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** Sequential quadratic programming** (SQP) is one of the most effective methods for nonlinearly constrained optimization problems. The method generates steps by solving quadratic subproblems; it can be used both in line search and trust-region frameworks. SQP is appropriate for small and large problems and it is well-suited to solving problems with significant nonlinearities.

The SQP method can be viewed as a generalization of Newton's method for unconstrained optimization in that it finds a step away from the current point by minimizing a quadratic model of the problem. A number of software packages (NPSOL, NLPQL, OPSYC, OPTIMA, MATLAB, and SQP) are based on this approach. In its purest form, the SQP algorithm replaces the objective function with the quadratic approximation

\[q_k(d) = \nabla f(x_k)^T d + \frac{1}{2}d^T\nabla^2_{xx} \mathcal{L}(x_k, \lambda_k)d\]

and replaces the constraint functions by linear approximations.

Recall the general form of a nonlinearly constrained optimization problem:

\[ \begin{array}{lllll}

\mbox{minimize} & f(x) & & & \\

\mbox{subject to} & c_i(x) & = & 0 & \forall i \in \mathcal{E} \\

& c_i(x) & \leq & 0 & \forall i \in \mathcal{I}

\end{array}

\]

The step \(d_k\) is calculated by solving the quadratic subprogram

c_i(x_k) + \nabla c_i(x_k)^Td = 0, i \in \mathcal{E} \}\]

The local convergence properties of the SQP approach are well understood when \((x^*, \lambda^*)\) satisfies the second-order sufficiency conditions. If the starting point \(x_0\) is sufficiently close to \(x^*\), and the Lagrange multiplier estimates \(\{ \lambda_k \}\) remain sufficiently close to \(\lambda^*\), then the sequence generated by setting \(x_{k+1} = x_k + d_k\) converges to \(x^*\) at a second-order rate. These assurances cannot be made in other cases. Indeed, codes based on this approach must modify the subproblem when the quadratic \(q_k\) is unbounded below on the feasible set or when the feasible region is empty.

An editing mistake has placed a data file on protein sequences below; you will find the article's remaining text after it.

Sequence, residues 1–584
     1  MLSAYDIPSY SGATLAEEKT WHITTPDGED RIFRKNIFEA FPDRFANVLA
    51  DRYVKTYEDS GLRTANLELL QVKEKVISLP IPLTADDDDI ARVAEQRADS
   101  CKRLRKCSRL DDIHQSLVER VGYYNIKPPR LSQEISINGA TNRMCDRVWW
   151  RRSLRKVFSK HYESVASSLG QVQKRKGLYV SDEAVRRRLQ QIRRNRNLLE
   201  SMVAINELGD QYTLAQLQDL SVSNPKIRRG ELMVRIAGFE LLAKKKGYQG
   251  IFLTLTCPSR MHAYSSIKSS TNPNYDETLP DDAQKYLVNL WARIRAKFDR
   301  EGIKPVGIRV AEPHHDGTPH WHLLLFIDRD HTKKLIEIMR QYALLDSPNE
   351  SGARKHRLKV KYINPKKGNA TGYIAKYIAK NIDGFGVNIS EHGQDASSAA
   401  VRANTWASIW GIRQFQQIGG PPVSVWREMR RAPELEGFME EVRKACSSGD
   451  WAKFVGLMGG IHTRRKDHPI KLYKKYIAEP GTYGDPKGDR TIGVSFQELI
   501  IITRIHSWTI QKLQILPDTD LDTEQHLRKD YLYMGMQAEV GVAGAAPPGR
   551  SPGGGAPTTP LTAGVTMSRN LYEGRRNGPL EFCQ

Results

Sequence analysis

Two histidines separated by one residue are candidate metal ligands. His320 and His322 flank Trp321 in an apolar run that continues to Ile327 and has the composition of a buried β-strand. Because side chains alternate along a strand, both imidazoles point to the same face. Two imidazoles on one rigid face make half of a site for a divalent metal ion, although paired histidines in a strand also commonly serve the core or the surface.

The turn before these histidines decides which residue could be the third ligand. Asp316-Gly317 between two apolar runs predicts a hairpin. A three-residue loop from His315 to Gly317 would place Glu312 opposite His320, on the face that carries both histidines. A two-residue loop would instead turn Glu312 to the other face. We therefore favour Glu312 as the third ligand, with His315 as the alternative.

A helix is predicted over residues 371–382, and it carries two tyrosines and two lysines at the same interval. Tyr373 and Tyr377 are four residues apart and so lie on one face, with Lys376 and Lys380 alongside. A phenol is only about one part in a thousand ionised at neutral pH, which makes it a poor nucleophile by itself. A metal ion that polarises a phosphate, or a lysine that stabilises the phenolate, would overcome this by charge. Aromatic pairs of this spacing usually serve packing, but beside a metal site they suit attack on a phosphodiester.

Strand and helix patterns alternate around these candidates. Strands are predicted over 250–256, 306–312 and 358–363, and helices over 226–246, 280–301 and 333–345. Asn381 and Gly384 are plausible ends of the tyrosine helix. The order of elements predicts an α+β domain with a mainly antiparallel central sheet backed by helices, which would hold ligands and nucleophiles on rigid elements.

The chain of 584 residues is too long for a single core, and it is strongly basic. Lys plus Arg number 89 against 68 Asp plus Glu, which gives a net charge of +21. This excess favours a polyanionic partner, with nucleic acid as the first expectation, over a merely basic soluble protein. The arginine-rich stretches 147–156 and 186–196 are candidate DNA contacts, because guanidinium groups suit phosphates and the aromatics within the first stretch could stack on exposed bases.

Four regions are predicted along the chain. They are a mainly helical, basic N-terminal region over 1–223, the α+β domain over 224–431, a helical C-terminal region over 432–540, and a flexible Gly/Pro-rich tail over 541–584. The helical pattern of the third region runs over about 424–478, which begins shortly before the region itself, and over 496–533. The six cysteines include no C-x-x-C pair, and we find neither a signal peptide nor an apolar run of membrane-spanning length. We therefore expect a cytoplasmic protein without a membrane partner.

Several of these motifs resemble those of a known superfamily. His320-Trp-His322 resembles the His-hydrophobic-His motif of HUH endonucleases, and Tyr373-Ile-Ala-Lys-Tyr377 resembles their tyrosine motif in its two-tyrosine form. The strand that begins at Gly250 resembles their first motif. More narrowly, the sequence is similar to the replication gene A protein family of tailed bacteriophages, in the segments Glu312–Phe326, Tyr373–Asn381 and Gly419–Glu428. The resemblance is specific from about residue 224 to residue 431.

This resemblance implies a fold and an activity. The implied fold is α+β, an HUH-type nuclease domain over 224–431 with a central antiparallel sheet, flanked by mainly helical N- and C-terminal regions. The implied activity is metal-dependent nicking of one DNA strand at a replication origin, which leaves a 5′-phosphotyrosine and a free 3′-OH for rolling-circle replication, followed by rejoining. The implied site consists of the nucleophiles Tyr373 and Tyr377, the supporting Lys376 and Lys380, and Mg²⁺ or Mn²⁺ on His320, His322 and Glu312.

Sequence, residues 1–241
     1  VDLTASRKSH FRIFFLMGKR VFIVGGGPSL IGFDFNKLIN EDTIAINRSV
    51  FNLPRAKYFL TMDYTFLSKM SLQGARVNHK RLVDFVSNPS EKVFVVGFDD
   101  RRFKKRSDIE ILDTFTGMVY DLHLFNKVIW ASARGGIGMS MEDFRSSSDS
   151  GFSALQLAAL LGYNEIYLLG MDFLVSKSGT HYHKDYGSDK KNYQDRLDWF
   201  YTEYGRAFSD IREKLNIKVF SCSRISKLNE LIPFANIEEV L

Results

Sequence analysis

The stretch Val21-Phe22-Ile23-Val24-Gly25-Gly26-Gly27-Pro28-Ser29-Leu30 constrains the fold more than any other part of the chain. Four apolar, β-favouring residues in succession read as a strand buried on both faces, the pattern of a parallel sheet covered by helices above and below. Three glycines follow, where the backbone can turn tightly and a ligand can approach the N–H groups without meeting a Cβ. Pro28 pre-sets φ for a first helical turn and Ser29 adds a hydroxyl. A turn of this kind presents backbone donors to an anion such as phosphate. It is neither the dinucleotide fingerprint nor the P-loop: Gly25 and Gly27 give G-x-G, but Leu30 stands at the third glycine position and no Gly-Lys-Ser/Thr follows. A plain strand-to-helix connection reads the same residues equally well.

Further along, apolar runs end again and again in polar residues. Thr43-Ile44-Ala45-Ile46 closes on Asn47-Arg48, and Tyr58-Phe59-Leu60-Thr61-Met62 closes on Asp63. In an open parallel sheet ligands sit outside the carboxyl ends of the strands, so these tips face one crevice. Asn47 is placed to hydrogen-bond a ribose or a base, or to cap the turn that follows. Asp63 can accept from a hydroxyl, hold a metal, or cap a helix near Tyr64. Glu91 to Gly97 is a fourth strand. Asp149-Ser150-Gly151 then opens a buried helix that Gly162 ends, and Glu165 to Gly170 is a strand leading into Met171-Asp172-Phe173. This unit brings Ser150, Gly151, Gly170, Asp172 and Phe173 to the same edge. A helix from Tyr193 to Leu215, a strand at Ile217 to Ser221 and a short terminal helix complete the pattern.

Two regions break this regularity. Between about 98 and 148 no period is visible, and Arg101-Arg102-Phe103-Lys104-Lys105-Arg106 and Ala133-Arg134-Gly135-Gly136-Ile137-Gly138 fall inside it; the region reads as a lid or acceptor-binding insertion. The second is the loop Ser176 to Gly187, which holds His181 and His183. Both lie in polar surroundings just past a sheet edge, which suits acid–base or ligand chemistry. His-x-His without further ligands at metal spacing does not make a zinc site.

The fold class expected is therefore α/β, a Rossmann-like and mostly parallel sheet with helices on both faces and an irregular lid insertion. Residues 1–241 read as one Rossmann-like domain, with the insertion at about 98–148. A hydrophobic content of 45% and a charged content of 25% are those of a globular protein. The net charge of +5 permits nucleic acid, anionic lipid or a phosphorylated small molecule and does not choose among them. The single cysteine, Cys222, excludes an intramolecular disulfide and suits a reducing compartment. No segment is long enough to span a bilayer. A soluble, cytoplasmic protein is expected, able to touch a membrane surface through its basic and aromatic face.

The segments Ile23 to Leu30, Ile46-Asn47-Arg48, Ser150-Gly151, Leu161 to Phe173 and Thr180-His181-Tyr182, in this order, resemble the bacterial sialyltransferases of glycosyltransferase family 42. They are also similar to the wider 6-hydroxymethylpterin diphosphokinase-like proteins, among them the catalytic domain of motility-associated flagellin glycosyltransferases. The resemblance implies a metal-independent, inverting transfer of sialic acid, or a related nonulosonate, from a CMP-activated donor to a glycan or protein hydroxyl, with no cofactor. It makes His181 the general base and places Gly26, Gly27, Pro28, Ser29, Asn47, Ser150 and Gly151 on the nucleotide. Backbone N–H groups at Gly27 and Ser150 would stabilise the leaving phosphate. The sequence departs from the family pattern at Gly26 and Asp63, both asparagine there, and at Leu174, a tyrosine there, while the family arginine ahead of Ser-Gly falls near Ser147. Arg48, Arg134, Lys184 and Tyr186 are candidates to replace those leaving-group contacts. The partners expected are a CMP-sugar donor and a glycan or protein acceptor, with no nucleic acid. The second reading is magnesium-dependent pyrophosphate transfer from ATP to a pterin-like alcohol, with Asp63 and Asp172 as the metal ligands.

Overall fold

The Lagrange multiplier estimates that are needed to set up the second-order term in \(q_k\) can be obtained by solving an auxiliary problem or by simply using the optimal multipliers for the quadratic subproblem at the previous iteration. Although the first approach can lead to more accurate estimates, most codes use the second approach.

The strategy based on solving the quadratic subproblem makes the decision about which of the inequality constraints appear to be active at the solution internally during the solution of the quadratic program. A somewhat different algorithm is obtained by making this decision prior to formulating the quadratic program. This variant explicitly maintains a working set \(\mathcal{W}_k\) of apparently active indices and solves the following quadratic programming problem

\[\min \{ q_k(d) : \quad c_i(x_k) + \nabla c_i(x_k)^Td = 0, i \in \mathcal{W}_k \]

to find the step \(d_k\). The contents of \(\mathcal{W}_k\) are updated at each iteration by examining the Lagrange multipliers for the subproblem and by examining the values of \(c_i(x_{k+1})\) at the new iterate \(x_{k+1}\) for \(i \notin \mathcal{W}_k\). This approach is usually called the EQP (equality-based QP) variant of SQP to distinguish it from the IQP (inequality-based QP) variant described above.

The sequential QP approach outlined above requires the computation of \(\nabla_{xx}^2\mathcal{L}(x_k, \lambda_k)\). Most codes replace this matrix with the BFGS approximation \(B_k\), which is updated at each iteration. An obvious update strategy (consistent with the BFGS update for unconstrained optimization) would be to define

\[s_k = x_{k+1} - x_k, \quad\quad\quad y_k = \nabla_x\mathcal{L}(x_{k+1}, \lambda_k) - \nabla\mathcal{L}(x_k, \lambda_k)\]

and update the matrix \(B_k\) by using the BFGS formula

\[B_{k+1} = B_k - \frac{B_k s_k S^T_k B_k}{s^T_k B_k s_k} + \frac{y_k y^T_k}{y^T_k s_k}.\]